Salmon with Spinach and Cream in Papillote, another fish they eat.
“I don’t want them scarred for life,” I explained to the fish guy in Shoprite. “We are making this with 10 yr olds and want this to be a positive experience.” He assured me that all the salmon had come in this morning. Which salmon would I buy was the next question; the silver brite, which never impressed me, the farm raised which I read so many negative stories about, or the wild caught sockeye. I know we have a $20 budget per week, but I figured that this would be a first time salmon experience for some of these kids, so I sprung for the extra $3 per pound and got the sockeye. I’ll cut something next week if necessary. Shopping took really long this week so Katherine had already started our cooks reading the recipe. Each person reads a line as we go over the ingredients and cooking instructions “Does anyone know what the zest of a lemon is?” “The juice!” “The seeds!” “Oh! The ends!” Well almost. The zest is the colored part of the skin. It is where the lemon oil is. “Oil?” ” Yes,” I replied. “All the lemony flavor without the sourness of the juice. It is great for adding to veggies since it won’t turn them the yucky green color the acid in the lemon juice will.” We then went to the kitchen to start cooking. Lucas and Annette wanted to work with the fish, while Katherine worked with Aniya and Nicholas prepping the other ingredients and cooking some of our leftover quinoa to go with it.
We opened the carefully wrapped fish and there was no fishy smell coming from the bright red fish. Now that is how fish is supposed to be! The fish wasn’t skinned so I showed our cooks how to do that, scrapping a bit of the fish away from the tail part of the fish, holding the skin tightly with one hand, which is the difficult part, and moving the knife across the skin to release it. Everyone had trouble holding on to the skin, so I suggested they ask the fish guy to do it in the market.
We didn’t have any tarragon, but found some herbes de provence. It still smelled fragrant so we mixed with the lemon zest, which smelled wonderful. Everyone wanted to taste it. Only a tiny bit, because the zest has a bit of bitterness to it. I love how they want to try everything. I am not a fan of cooking in foil, but there is a foil you can get that is lined with parchment. I brought it from home.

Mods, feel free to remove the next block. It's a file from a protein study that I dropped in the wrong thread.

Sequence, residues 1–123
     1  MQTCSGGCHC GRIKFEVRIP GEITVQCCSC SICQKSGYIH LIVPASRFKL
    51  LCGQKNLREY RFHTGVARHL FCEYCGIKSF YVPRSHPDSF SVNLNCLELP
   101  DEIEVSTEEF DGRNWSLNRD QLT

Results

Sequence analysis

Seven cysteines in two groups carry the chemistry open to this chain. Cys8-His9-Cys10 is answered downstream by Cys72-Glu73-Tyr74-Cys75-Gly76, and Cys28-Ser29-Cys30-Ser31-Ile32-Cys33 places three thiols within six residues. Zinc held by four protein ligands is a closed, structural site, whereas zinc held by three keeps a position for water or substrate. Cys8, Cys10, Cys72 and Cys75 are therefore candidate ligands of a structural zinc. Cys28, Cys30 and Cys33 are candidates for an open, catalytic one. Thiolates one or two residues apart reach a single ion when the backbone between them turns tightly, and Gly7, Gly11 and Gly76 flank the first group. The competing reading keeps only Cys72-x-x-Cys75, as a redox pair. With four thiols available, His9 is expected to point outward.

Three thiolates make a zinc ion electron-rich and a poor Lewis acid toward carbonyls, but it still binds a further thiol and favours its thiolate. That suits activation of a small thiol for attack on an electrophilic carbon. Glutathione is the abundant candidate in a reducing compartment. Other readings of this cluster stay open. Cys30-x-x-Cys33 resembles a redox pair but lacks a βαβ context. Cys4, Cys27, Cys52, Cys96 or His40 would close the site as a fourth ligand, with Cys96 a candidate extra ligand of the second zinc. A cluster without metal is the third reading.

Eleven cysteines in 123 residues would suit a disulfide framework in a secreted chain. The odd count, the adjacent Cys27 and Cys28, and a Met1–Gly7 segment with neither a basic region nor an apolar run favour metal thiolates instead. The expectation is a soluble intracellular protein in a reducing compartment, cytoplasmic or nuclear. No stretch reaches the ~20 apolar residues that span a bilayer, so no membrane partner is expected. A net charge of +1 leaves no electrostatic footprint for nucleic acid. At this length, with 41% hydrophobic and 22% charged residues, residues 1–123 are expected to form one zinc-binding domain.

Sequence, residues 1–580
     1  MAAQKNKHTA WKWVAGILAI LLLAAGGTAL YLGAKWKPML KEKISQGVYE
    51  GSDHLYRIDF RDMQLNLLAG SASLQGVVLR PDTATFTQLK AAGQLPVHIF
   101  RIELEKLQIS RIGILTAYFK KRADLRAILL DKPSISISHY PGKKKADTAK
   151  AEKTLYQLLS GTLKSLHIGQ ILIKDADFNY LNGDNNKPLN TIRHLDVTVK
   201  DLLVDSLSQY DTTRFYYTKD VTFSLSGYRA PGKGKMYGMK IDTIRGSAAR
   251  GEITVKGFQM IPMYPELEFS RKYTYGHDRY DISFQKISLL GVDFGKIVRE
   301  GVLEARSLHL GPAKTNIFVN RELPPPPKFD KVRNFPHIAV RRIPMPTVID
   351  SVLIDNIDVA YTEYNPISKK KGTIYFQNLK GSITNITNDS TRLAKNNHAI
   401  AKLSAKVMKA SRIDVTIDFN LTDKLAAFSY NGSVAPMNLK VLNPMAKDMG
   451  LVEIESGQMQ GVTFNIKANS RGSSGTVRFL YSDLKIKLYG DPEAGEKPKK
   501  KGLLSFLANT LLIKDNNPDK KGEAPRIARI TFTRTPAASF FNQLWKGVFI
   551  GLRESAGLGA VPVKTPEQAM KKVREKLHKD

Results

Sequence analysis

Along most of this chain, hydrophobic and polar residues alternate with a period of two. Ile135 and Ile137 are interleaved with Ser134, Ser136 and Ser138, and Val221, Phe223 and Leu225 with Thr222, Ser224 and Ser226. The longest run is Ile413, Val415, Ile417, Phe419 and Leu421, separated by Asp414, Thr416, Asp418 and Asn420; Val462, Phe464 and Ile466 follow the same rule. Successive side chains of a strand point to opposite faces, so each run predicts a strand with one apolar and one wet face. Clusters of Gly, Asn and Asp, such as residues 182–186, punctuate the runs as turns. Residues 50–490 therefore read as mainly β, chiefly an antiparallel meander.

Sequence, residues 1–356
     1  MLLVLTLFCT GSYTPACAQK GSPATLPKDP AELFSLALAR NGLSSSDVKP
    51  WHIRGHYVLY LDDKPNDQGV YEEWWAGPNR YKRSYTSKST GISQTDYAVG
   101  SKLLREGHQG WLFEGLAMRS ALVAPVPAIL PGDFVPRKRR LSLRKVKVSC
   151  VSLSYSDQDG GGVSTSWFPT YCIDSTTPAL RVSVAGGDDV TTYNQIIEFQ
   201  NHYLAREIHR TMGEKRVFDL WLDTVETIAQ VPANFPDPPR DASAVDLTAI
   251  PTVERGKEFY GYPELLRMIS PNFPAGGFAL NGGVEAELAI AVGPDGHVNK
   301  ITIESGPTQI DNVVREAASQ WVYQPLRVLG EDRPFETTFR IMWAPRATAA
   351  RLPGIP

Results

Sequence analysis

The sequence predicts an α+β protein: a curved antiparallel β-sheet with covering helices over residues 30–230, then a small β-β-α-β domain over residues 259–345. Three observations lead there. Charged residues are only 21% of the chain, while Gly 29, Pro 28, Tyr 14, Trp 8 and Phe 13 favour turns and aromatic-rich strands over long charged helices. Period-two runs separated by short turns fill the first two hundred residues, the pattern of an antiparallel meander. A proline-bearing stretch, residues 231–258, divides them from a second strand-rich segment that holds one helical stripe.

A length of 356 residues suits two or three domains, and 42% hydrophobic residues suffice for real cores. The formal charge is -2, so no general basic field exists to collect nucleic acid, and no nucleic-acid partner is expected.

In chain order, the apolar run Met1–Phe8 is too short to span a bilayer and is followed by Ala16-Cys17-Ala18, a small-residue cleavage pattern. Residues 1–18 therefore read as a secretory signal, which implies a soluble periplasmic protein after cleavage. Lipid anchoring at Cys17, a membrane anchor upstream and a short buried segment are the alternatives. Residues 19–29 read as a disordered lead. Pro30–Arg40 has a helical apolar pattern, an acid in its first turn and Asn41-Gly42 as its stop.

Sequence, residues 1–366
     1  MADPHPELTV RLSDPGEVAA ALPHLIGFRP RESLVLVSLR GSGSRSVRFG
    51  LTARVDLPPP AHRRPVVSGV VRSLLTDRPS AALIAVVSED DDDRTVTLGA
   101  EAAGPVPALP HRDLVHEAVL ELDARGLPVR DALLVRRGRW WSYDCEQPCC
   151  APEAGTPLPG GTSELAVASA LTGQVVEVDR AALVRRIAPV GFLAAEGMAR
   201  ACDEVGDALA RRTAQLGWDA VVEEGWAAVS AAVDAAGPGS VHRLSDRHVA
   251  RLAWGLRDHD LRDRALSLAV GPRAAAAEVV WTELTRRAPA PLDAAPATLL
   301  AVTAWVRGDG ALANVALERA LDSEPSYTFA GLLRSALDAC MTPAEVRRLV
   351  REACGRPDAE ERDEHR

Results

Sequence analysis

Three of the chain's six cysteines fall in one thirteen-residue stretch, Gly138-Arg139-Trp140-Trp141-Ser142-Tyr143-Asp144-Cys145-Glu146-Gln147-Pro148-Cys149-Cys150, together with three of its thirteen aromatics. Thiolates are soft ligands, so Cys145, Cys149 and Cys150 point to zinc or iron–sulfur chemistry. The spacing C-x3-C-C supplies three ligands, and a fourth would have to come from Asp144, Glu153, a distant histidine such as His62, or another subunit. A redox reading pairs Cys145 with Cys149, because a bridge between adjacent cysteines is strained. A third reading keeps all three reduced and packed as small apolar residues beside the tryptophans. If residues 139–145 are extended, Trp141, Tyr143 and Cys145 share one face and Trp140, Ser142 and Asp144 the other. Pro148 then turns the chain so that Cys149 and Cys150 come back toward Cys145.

Each cook got a square and artfully arranged their spinach, sprinkled on the shallots and topped it with the salmon that Lucas and Annette had seasoned with salt and pepper. They then sprinkled some of the herb & lemon zest mixture over top. Because we were making a papillote rather than a pouch, we only used about 2 tbsp of half and half per serving.
I showed our cooks how to fold over the square to make a triangle to cover the fish. A couple cooks were a little upset that their spinach art would be messed up, but were okay when I just moved it over for them.
We all made triangular folds around the open edges sealing in the fish and moved them onto the sheet pan. I was amazed how easily they created the papillotes. I know it took me more times to get it right and they did it the first time!
We set the table while the fish cooked but kept an eye on it since the wild caught salmon can be thinner and less fatty than the farm raised and therefore cook faster. There was plenty of excitement as each cook carefully opened their packet and spooned some quinoa into the juices. They loved it! It was astonishing to watch these 10 year olds making sure they had a bit of everything on their forks and eating salmon and spinach. You just have to cook with your kids.
“Aw man, I’m running out of spinach…I gotta have some more spinach!”, Annette exclaimed. “You’ll have to put more in your packet when you make it at home,” explained Katherine.
They really enjoyed the quinoa, too – we forgot to have them taste it before we mixed it into the Moroccan stew a few weeks ago. After we cleaned up, each cook left with a bag filled with the recipe and the ingredients to make the Abruzzese Lentil soup over the Thanksgiving break. Don’t forget to donate to the Vetri Foundation to keep this program going.